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AdventureSmart: Hiking Safety Tips You Need to Know

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Heli hiking with CMH from Bobbi Burns Lodge, near Golden | Ryan Creary
Heli hiking with CMH from Bobbi Burns Lodge, near Golden | Ryan Creary

Written by: Amber Turnau for AdventureSmart

We British Columbians love to explore our beautiful backyard. And, the hiking trails are beckoning as the weather warms and days become longer. While you’re off exploring, keep in mind that every great adventure comes with risk.

There are 1,900 search and rescue (SAR) incidents each year in BC. What’s more, hikers account for one-third of those SAR calls (50% of hiking calls are in the southwest region). The most common causes of rescue are hikers becoming lost or disoriented, exceeding their abilities, or getting injured along the way. Incorporating The Three Ts (Trip Planning, Training, and Taking the Essentials) into your hiking regimen will help keep you safe out on the trail.  

Burnie-Shea Provincial Park, near Smithers | @6igma

Level up your training

Albert Einstein said it best: “The more I learn, the more I realize how much I don’t know.” This is especially true with outdoor exploration, which offers a lifetime of personal growth and learning. But, you have to start somewhere, and now is as good a time as any. 

As a beginner hiker, you can prepare by doing fitness classes and taking a basic first aid course. Check out the free BC AdventureSmart weekly webinars online this summer, featuring presentations about personal preparedness, incident prevention, essential gear, what to do in an emergency, the trip plan app, and more. Visit their Facebook page for details.    

Level up your training as you increase your exposure in the outdoors. For the avid trekker looking to tackle BC’s more challenging terrain, next steps include wilderness first aid training, navigation and route-finding courses, weather forecasting seminars, or mountaineering workshops. 

Hikers hiking through Tweedsmuir Glacier | Taylor Burk
Tweedsmuir Glacier | Taylor Burk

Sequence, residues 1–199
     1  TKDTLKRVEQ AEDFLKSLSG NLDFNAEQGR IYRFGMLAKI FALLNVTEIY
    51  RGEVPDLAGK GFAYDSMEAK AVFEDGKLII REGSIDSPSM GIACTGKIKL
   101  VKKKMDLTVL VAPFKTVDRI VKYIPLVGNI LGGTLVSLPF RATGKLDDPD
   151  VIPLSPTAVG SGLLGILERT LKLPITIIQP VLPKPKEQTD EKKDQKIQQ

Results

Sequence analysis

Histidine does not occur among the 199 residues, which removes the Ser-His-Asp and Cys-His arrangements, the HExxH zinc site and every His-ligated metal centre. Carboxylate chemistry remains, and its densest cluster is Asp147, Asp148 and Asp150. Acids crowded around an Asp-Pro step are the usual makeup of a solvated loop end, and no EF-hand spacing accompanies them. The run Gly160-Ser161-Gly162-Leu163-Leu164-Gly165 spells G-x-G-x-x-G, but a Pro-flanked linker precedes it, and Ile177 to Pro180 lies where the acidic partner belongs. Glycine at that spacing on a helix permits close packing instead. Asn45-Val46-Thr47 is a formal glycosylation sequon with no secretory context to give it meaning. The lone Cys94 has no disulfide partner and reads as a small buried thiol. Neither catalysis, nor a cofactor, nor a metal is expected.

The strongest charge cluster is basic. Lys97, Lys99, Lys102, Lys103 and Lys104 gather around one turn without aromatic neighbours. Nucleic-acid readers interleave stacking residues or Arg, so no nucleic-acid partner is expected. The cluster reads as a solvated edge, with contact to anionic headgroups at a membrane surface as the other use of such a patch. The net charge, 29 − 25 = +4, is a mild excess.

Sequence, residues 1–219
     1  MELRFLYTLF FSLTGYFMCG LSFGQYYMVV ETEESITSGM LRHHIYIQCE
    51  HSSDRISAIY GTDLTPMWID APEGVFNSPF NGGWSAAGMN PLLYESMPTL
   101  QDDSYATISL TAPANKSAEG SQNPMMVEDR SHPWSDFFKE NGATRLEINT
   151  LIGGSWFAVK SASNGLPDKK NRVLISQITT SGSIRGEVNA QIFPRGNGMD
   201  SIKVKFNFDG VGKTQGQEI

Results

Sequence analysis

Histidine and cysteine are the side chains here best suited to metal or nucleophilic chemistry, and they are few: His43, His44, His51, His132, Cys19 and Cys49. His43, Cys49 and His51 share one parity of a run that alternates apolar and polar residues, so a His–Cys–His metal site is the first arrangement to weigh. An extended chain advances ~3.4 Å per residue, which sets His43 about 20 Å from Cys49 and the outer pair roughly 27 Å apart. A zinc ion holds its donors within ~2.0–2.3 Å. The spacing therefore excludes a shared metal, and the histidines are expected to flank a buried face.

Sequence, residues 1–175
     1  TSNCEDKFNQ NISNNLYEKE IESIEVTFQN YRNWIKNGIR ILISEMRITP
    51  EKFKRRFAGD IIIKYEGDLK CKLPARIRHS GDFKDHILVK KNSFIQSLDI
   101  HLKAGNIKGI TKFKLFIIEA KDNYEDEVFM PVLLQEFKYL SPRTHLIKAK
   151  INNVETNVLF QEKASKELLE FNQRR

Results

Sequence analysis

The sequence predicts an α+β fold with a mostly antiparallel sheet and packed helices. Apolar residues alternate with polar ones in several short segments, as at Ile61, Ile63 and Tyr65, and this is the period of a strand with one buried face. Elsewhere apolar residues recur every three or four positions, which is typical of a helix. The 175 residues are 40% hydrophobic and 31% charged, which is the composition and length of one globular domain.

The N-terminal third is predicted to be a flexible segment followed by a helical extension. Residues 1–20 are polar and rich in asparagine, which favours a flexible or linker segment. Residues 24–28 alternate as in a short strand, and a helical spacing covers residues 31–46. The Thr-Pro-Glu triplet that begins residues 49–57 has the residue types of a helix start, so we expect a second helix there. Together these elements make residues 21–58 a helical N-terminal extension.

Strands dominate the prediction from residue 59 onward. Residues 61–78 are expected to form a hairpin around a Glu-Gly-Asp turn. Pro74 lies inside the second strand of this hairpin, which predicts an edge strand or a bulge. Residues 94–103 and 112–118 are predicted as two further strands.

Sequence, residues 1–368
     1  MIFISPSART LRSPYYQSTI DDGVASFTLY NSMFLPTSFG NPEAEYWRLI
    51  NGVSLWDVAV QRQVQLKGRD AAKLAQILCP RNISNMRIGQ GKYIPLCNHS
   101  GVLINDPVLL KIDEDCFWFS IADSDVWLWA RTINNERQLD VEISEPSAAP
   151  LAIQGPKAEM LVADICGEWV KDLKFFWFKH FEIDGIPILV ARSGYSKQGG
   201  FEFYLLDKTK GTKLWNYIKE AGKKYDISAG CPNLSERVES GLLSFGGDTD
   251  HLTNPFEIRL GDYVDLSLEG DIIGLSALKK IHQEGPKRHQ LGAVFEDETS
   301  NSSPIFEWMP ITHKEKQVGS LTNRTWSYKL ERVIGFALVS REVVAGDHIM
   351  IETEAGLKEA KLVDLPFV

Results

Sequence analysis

Plan your trip

Be honest with yourself (and your travel partners) about your physical abilities and skill level before you choose a trail.

Selecting a hike

Do the research. While community forums are an excellent source of inspiration, specifics can be unreliable. Consult multiple sources, such as a reputable hiking guidebook, a database like AllTrails, trail maps, or first-hand park or trail websites (if available).

Determine the length and elevation gain of the hike. For example: a short, steep trail may actually take more time than a long, flat trek. Look at the estimated walking time and plan to be back by sunset. It also helps to give yourself a turn-around time.  

Let someone know

How can people know you’re lost if they don’t know you left? Leave a trip plan with a dependable friend or family member containing the details of your trip. The AdventureSmart Trip Plan app has a helpful template to follow.

 

Weather

It’s really important to understand the geography of your hike and how weather impacts it. This will inform your hiking plans and the gear you bring.

Did you know that it can snow in the mountains during late spring and summer? On a clear day, expect a 10 degree temperature decrease for every 1,000 metres of elevation gained, which could mean snow on the mountain if there’s rain down below. Check wind speeds, precipitation (snow or rain), freezing levels, and temperatures. Use a reliable weather forecast like Environment Canada, Mountain Weather Forecast or SpotWx (for avid weather watchers).

Take the essentials

There’s a reason why outdoor enthusiasts tend to be gear junkies—not only is it fun to have cool kit, but it can also save your life. Aside from sport-specific equipment (like proper hiking boots and poles), bring the essentials on every trip. Essentials include: a headlamp or flashlight, fire making kit, whistle or mirror, extra food and water, extra warm/waterproof clothing, a first aid kit, emergency shelter, pocket knife, sun protection, navigation, and a communication tool. You can’t always rely on cell service (or a working phone), so consider purchasing a device like Garmin inReach or SPOT.

S.T.O.P. in an emergency

No one expects to run into trouble during their trip. But, if you do, the most important thing to do is to stay put and pause. Remember the acronym S.T.O.P. (Stop, Think, Observe, Plan).

Our bodies react to danger by going into fight-or-flight mode; our heart races, the adrenaline pumps, and we make fast (sometimes irrational) decisions based on fear rather than reason. Calm your nervous system and help yourself think clearly.

Davis Creek Trail with a view to Kootenay Lake | Ashley Voykin

Call for help (it’s free)

It’s OK to call for help—in fact, search and rescue crews want you to reach out ASAP if you need assistance and will not charge you.

Every second counts. The first step should always be to call 911, where the call centre can dispatch the RCMP, who will find and deploy a SAR team in your area (there are 79 SAR groups with 2,500 volunteers in BC). If you’re using a mobile phone or emergency communication device, authorities can also use GPS to triangulate your location to find you faster. While our first instinct may be to call a friend or loved one, avoid doing this. It might delay the rescue or drain your phone battery.

While you wait for help, think from the perspective of the rescuers and make yourself easy to find: Use bright colours that can be seen from afar, use your mirror to signal, and remember to call out as SAR crews near.

For more hiking safety tips, visit AdventureSmart.ca.

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